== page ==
Geothermal Heat Pumps
Summary: This section will provide you with an overview on how a geothermal heat pump (GHP) can provide an energy efficient way to heat and cool your home. If you're planning to build a new house, office building, or school, or replace your heating and cooling system, you may want to consider a geothermal heat pump (GHP) system. GHP systems are also known as GeoExchangeSM, ground-source, or water-source heat pumps (as opposed to air-source heat pumps). Regardless of what you call them, energy efficient geothermal heat pumps are available today for both residential and commercial building applications.
A Geothermal Heat Pump system can be installed in virtually any area of the country and will save energy and money. According to the Environmental Protection Agency (EPA), GeoExchange systems are the most energy efficient, environmentally clean, and cost-effective space conditioning systems available (source: "Space Conditioning: The Next Frontier," EPA 430-R-93-004, April 1993).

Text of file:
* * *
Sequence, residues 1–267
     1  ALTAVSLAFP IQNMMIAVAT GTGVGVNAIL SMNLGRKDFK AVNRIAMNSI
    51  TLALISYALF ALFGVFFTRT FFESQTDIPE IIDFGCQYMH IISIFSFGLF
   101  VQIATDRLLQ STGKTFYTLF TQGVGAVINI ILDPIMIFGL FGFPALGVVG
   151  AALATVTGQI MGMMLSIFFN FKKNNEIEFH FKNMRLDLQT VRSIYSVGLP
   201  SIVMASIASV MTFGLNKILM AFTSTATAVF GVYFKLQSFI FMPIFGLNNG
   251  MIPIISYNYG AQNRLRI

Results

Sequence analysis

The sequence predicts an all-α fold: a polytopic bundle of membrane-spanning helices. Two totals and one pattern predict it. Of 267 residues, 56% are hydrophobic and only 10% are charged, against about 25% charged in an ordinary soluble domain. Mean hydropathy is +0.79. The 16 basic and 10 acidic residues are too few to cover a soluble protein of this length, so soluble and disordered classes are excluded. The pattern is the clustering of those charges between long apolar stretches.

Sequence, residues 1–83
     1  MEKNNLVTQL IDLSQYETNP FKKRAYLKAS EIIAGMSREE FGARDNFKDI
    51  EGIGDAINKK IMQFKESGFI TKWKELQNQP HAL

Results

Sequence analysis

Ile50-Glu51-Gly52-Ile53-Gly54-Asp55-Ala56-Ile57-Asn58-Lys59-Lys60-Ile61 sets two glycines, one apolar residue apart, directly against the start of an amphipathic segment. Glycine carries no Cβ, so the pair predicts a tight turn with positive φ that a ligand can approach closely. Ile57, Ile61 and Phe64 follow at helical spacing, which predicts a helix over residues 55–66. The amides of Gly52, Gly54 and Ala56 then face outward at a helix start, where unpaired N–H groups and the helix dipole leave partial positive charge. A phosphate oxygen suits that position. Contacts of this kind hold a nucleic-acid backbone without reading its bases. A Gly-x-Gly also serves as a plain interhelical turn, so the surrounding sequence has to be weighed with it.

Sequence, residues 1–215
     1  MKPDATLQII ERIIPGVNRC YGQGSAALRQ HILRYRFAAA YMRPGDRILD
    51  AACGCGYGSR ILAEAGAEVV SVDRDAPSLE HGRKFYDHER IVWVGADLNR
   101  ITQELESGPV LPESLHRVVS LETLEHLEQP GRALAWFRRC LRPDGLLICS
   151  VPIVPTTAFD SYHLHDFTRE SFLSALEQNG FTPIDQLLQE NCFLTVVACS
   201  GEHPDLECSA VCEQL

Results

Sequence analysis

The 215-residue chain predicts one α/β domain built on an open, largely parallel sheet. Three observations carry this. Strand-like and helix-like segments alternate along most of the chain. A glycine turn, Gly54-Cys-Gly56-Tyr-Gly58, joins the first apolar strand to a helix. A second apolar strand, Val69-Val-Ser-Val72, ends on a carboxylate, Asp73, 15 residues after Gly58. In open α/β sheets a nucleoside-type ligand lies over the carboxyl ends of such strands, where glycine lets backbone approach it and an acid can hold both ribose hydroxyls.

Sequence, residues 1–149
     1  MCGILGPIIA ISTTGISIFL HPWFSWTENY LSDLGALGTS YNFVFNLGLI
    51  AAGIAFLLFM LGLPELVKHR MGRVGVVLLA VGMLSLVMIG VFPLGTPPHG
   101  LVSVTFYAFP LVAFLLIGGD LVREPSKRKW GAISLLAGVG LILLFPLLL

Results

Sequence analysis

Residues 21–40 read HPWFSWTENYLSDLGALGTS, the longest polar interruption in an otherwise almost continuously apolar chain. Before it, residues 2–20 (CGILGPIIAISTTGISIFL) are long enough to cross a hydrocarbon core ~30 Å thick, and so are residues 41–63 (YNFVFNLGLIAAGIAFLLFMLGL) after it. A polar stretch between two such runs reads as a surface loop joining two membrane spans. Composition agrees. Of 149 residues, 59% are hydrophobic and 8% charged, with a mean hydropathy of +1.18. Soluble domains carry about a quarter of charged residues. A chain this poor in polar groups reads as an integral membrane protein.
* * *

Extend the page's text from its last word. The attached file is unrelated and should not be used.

While residential Geothermal Heat Pump systems are usually more expensive initially to install than other heating and cooling systems, their greater efficiency means the investment can be recouped in two to ten years. After that, energy and maintenance costs are much less than conventional heating and air-conditioning systems.
When Geothermal Heat Pump systems are installed in commercial buildings, the state-of-the-art designs are extremely competitive on upfront costs when compared with cooling towers and boilers, and they have lower energy and maintenance costs.
In addition to their cost effectiveness, Geothermal Heat Pump systems offer aesthetic advantages, quiet operation, free or reduced-cost hot water, improved comfort, and a host of other benefits.